On Tattered Tents and Hope
Holy Week has begun. From Palm Sunday to Easter Sunday, those who follow the Christian traditions will celebrate the most momentous event in history. For some the significance of the season will be dulled by current events. For others, Holy Week is merely a tradition to be followed but not embraced. There are also those who see this week as a nuisance, a deception, a non-starter. But for the true believer, the significance of Holy Week gives meaning to life—and to eternity.
Palm Sunday marks the entrance of Jesus into Jerusalem just a week before the Roman authorities crucified Him at the behest of the Jewish leaders of His day. He came into the city to the acclamation of the crowd. For the most part those hosannas would turn to calls for His death by the end of that week.
Jesus took every opportunity during that last week to teach, to console, to rebuke. On the night He was betrayed He spend time with those of His inner circle around the Passover supper, illustrating through its celebration how He would, within a few short hours, shed His blood as once had those lambs whose lives were sacrificed to protect the Hebrews from the angel of death passing over Egypt. Unlike those lambs, the shedding of His life blood would be unique: the last sacrifice necessary to provide forgiveness and reconciliation, the last sacrifice needed to restore the relationship between a holy God and sinful man.
That same night in Gethsemane, Jesus would ask His disciples to watch and pray with Him as His humanity struggled with the overwhelming torture of knowing that the burden of man's sin He was to carry would separate Him briefly from His Father as He received upon Himself the full brunt of God's righteous judgment. Obedient as ever, Jesus submitted to the plan worked out before the beginning of history, before that first sin ever took place.
On the day we now call Good Friday, Jesus was taken and crucified. How can that be "good"? Not good for the condemned, but good for those who have escaped condemnation because Someone else, Jesus, took the punishment they deserved—that's us, those of us who believe.
It was grace at its best, its purest, its most complete. God's grace, His favour extended to undeserving sinners at the cost of His own Son.
It's what Paul describes in Romans. Look at these few verses from Romans 5:
"For if the many died by the trespass of the one man, how much more did God's grace and the gift that came by the grace of the one man, Jesus Christ, overflow to the many!...if, by the trespass of the one man, death reigned through that one man, how much more will those who receive God's abundant provision of grace and of the gift of righteousness reign in life through the one man, Jesus Christ!...For just as through the disobedience of the one man the many were made sinners, so also through the obedience of the one man the many will be made righteous…where sin increased, grace increased all the more, so that, just as sin reigned in death, so also grace might reign through righteousness to bring eternal life through Jesus Christ our Lord".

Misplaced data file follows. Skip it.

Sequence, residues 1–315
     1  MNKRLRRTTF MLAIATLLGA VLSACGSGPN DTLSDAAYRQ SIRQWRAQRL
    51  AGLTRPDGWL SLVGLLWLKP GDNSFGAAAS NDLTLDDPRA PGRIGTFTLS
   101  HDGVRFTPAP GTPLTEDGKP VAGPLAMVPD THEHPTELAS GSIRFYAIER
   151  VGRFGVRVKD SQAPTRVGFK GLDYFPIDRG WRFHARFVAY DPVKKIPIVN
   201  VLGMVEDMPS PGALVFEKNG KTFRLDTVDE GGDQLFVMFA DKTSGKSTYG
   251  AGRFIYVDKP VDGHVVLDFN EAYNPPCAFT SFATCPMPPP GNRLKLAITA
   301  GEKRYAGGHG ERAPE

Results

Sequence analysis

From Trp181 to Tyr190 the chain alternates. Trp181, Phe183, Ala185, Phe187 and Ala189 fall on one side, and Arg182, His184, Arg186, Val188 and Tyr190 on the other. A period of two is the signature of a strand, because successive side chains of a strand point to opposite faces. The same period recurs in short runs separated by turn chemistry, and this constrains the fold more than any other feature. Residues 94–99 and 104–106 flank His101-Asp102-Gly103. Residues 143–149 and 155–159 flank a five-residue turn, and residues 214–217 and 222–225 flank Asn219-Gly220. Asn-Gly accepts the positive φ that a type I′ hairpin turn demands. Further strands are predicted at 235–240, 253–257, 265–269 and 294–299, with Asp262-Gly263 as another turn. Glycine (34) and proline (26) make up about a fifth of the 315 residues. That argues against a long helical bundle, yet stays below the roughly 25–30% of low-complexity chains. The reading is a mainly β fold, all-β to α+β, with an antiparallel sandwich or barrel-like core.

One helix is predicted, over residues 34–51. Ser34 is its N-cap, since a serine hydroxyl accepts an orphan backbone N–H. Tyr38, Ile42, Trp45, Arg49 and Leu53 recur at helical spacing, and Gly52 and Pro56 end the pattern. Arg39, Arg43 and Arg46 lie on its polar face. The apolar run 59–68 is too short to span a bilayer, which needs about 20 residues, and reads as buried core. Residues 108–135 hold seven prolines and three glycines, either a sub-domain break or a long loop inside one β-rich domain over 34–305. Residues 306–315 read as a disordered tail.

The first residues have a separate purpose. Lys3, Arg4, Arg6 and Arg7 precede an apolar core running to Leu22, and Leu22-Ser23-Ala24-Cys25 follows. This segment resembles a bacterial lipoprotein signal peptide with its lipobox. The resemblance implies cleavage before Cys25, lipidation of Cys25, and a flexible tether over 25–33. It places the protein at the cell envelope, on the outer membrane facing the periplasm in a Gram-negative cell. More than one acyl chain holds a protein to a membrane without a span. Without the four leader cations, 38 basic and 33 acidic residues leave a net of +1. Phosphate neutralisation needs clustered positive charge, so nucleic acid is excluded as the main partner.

That is the Gospel, the good news that what began with one man—sin and its consequences—and became the virus that contaminated and condemned us all, was defeated on a cross. The justice of God was satisfied forever by one pure, undefiled sacrifice—Jesus. By His death He opened the door of life—abundant life here and eternal life later—for those who believe.
And as a guarantee that what He did on the cross was not a hoax, there was a Resurrection Sunday when Jesus came back from the dead, demonstrating that, for believers, physical death is nothing more than a portal that leads to something much better .
We can rejoice in this, as Paul once wrote: "….we know that the one who raised the Lord Jesus from the dead will also raise us with Jesus and present us with you to himself…Therefore we do not lose heart. Though outwardly we are wasting away, yet inwardly we are being renewed day by day. For our light and momentary troubles are achieving for us an eternal glory that far outweighs them all. So we fix our eyes not on what is seen, but on what is unseen, since what is seen is temporary, but what is unseen is eternal. For we know that if the earthly tent we live in is destroyed, we have a building from God, an eternal house in heaven, not built with human hands…" (2 Corinthians 4:14-5:1)
Holy Week is always huge for the believer. But perhaps now more than ever, now, in the midst of a world facing its mortality to an extreme not seen in at least the last hundred years, the message of the Gospel becomes even more significant. There is no need to fear for the believer who, because of Jesus, holds loosely to this "tattered tent" in anticipation of something much better. But for those without the assurance that comes with forgiveness and faith in Christ, and what He purchased for us on the cross, there is a whole lot to fear.
Now more than ever, a dying world needs to hear about a living Saviour. A dying world needs to know that there is hope and the name of that hope is Jesus.